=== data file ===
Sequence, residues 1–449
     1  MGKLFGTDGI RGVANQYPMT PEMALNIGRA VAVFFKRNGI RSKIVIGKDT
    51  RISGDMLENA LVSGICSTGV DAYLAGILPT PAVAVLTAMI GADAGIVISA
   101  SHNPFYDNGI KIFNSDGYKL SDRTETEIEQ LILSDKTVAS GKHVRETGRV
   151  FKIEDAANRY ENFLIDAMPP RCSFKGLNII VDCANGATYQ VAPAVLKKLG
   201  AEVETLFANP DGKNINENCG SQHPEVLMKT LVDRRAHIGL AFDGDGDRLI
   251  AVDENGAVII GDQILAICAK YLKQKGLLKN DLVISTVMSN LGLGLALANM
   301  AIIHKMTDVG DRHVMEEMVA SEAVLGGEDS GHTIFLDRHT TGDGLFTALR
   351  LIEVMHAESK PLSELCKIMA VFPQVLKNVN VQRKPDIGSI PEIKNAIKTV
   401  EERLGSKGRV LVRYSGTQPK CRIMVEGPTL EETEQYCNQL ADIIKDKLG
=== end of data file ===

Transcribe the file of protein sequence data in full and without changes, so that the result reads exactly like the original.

Sequence, residues 1–449
     1  MGKLFGTDGI RGVANQYPMT PEMALNIGRA VAVFFKRNGI RSKIVIGKDT
    51  RISGDMLENA LVSGICSTGV DAYLAGILPT PAVAVLTAMI GADAGIVISA
   101  SHNPFYDNGI KIFNSDGYKL SDRTETEIEQ LILSDKTVAS GKHVRETGRV
   151  FKIEDAANRY ENFLIDAMPP RCSFKGLNII VDCANGATYQ VAPAVLKKLG
   201  AEVETLFANP DGKNINENCG SQHPEVLMKT LVDRRAHIGL AFDGDGDRLI
   251  AVDENGAVII GDQILAICAK YLKQKGLLKN DLVISTVMSN LGLGLALANM
   301  AIIHKMTDVG DRHVMEEMVA SEAVLGGEDS GHTIFLDRHT TGDGLFTALR
   351  LIEVMHAESK PLSELCKIMA VFPQVLKNVN VQRKPDIGSI PEIKNAIKTV
   401  EERLGSKGRV LVRYSGTQPK CRIMVEGPTL EETEQYCNQL ADIIKDKLG